There once was a time when inflation
Was cursed like hellfire and damnation
But these days it seems
Those were but bad dreams
Now central banks seek its creation
So this week the data has shown
That clearly their efforts have sewn
The seeds they desire
As prices catch fire
Soon high prices they will disown
Remember way back on Wednesday, when markets appeared to be concerned about rising inflation as a harbinger for higher rates and increased volatility which would cause the unwinding of so many trading strategies? Yeah, that was so 48-hours ago it’s not funny. Between then and now we have seen US CPI print much higher than expected, US PPI print higher than expected and the price indices for both the Philly Fed and Empire Manufacturing gauges rise to their highest levels in six years. And what has been the market response to this uptick in price pressures? It’s not even a collective yawn, but rather an aggressive embrasure of the data. Apparently any concerns that the Fed will become more aggressive in their policy tightening have completely disappeared. And my read is not that traders are dismissing the fact that tighter policy will occur, it’s that nobody seems to care anymore. After a very rocky week last week, the equity market has recouped 75% of those losses. While Treasury yields have touched their highest point (2.942%) since January 2014, it seems that higher yields are no longer seen as a concern regarding equities. And of course, yesterday I highlighted that higher yields were no longer seen as a benefit for the dollar, so it appears that the ‘narrative’ continues to be, whatever you do, make sure that you buy stocks and sell the dollar. And that is exactly what we are seeing in markets these days and I suppose for the foreseeable future. At some point, I’m pretty sure views will adjust to the negative realities that come along higher inflation, but right now, you have to go with the flow.
I don’t think there is anything else for me to say on that subject, so let’s take a look at the FX markets a bit more closely. Broadly, the dollar remains under pressure, although the overnight session has been fairly dull. In G10 space, the biggest mover has been the pound, which fell 0.4% after much weaker than expected Retail Sales data (actual 0.1%, exp 0.5%) was released. That seems to be weighing slightly on the euro, which is down about 0.25%, but in fairness, both of them were quite strong yesterday, so this seems to be a bit of position unwinding ahead of the weekend. The one constant in the space has been JPY, which continues to strengthen, and is now barely able to hold the 106 level. Last night we learned that Kuroda-san was reappointed as Governor of the BOJ, and the two Deputy Governors appointed are also strongly in the reflationist camp, so for the time being, it doesn’t seem like the BOJ is going to move away from its aggressive QQE policy. Interestingly, economists and traders continue to believe that they will be forced to do so as the BOJ balance sheet has already grown to be the same size as the Japanese economy, (for a comparison, the Fed balance sheet remains at about 22% of the US economy’s size) and there is a growing belief they will not be able to safely expand it any further. Of course, a couple of days ago there was a growing belief that quickly rising inflation in the US was going to be an issue for markets, and we can see how that was mistaken. I have a feeling that Kuroda and company will not be changing policy anytime soon, but that it won’t matter very much. I still see the yen strengthening from here despite the BOJ’s best efforts.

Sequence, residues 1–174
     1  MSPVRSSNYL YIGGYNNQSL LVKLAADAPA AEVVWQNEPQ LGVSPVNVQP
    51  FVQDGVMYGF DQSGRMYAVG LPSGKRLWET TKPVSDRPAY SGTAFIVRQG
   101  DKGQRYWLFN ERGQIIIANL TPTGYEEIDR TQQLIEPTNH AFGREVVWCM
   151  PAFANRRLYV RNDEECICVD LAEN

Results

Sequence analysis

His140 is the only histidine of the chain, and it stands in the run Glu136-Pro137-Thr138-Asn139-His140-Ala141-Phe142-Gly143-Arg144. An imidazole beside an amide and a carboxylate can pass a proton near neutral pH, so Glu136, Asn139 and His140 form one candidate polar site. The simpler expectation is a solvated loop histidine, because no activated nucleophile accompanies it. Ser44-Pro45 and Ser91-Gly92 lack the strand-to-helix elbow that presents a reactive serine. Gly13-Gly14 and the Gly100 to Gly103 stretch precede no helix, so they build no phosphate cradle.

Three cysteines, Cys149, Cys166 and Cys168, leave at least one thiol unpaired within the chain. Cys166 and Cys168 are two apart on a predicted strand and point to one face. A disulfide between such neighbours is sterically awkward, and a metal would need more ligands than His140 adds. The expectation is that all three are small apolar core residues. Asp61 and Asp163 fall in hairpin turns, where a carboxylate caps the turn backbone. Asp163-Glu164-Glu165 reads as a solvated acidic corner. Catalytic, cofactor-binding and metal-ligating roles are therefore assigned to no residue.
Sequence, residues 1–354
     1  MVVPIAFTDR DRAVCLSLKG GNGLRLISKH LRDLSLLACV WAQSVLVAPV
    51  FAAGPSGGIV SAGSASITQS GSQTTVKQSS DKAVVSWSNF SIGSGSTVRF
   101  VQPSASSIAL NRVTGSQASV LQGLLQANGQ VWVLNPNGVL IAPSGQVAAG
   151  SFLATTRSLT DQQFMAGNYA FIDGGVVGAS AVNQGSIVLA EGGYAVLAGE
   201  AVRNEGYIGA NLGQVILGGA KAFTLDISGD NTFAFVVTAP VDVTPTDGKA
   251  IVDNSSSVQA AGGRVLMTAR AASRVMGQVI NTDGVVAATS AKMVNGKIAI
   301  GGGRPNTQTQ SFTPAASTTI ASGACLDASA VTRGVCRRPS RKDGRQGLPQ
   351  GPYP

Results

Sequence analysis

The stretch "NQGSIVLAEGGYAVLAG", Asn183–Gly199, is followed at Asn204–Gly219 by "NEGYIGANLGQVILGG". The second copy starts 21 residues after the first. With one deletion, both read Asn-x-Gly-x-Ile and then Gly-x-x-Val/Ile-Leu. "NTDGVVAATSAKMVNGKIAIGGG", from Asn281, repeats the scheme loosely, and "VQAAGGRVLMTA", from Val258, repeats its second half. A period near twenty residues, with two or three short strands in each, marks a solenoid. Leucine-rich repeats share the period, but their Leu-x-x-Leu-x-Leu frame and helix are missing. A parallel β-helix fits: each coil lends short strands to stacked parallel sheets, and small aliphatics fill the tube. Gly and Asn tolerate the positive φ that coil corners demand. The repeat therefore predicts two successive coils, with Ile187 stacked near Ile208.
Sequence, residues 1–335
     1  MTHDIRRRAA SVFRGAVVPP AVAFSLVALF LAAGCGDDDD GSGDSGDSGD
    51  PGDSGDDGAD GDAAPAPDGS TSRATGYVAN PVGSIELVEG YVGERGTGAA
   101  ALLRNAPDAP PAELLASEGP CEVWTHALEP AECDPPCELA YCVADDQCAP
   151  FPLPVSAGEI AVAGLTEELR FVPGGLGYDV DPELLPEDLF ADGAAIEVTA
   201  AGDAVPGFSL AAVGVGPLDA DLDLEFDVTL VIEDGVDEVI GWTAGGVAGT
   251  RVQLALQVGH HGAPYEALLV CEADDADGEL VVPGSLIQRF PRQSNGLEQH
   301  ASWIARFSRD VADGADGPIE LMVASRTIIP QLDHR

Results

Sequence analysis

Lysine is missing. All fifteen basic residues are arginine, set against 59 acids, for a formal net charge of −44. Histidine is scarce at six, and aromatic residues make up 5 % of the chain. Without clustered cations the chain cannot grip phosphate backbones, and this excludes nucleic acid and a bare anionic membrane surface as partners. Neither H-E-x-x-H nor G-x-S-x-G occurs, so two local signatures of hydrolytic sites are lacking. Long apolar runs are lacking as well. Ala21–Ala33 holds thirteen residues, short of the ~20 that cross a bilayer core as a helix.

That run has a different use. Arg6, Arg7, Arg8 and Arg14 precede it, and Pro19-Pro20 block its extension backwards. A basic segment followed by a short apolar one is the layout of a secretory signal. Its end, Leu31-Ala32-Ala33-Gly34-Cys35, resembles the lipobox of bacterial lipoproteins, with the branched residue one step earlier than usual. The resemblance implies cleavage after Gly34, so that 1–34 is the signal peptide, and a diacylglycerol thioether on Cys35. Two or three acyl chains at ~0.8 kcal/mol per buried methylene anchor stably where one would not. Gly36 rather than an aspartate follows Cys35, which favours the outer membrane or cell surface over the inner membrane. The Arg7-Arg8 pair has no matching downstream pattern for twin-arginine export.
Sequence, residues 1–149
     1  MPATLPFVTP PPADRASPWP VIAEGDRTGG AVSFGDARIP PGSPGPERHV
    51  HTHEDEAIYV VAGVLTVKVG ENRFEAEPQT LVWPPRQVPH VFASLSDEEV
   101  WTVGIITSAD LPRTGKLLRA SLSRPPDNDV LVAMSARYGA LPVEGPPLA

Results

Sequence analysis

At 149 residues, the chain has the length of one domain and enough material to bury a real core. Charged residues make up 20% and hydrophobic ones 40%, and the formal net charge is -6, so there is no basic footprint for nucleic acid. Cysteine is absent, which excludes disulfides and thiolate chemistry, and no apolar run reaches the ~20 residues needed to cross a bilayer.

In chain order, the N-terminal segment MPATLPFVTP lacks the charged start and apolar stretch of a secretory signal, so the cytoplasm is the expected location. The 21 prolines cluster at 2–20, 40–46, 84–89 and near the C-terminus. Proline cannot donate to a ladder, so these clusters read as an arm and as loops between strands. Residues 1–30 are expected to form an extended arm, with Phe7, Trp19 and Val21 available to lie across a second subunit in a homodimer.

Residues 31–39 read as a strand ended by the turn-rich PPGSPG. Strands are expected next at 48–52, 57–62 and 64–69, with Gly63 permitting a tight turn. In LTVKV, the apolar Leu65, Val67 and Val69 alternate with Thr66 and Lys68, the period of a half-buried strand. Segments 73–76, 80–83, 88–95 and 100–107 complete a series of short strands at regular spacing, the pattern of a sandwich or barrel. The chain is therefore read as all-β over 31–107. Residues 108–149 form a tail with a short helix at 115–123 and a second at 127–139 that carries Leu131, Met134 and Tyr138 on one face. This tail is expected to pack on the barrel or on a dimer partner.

Turning to the emerging markets, South Africa continues to be in the spotlight, as President Zuma finally resigned and President Ramaphosa was sworn in. The rand, which has been the best performing currency for three months, actually sold off slightly, 0.4%, in what is clearly a profit-taking exercise. I expect that if Ramaphosa lives up to half of expectations, the rand has further to climb. Elsewhere, while MXN has barely moved overnight, it is worth pointing out that the current polls for this summer’s Presidential elections point to Andres Manuel Lopez Obrador (AMLO) well in the lead. Given that he is a leftist firebrand, talking about renationalization of energy assets, it is surprising that there is not more concern in evidence about an AMLO victory. But there has been no reaction and surveys of business leaders dismiss his chances despite the polls. I certainly have no idea whether or not he will win the election, but it seems to me that there is at least a fair probability that will be the case, and my impression is the market is not prepared for that outcome. As the election draws nearer, if he retains his lead in the polls, look for the peso to feel some pain.
As we wrap up the week, we have a bit more data to absorb, but this doesn’t seem like market moving stuff. We start with Housing Starts (exp 1.232M) and Building Permits (1.3M) at 8:30 alongside the final Inflation gauges, Import and Export prices (exp 0.6% and 0.3% respectively). Finally, at 10:00 is Michigan Sentiment (95.5). Given the lack of concern shown by markets over the data earlier this week, I can’t imagine today’s data will matter very much. And so, as we head into the weekend, it appears that the trends this week will remain intact, thus look for the dollar to remain under pressure, bonds as well, and the stock market to continue rebounding from the correction last week.
Good luck and good weekend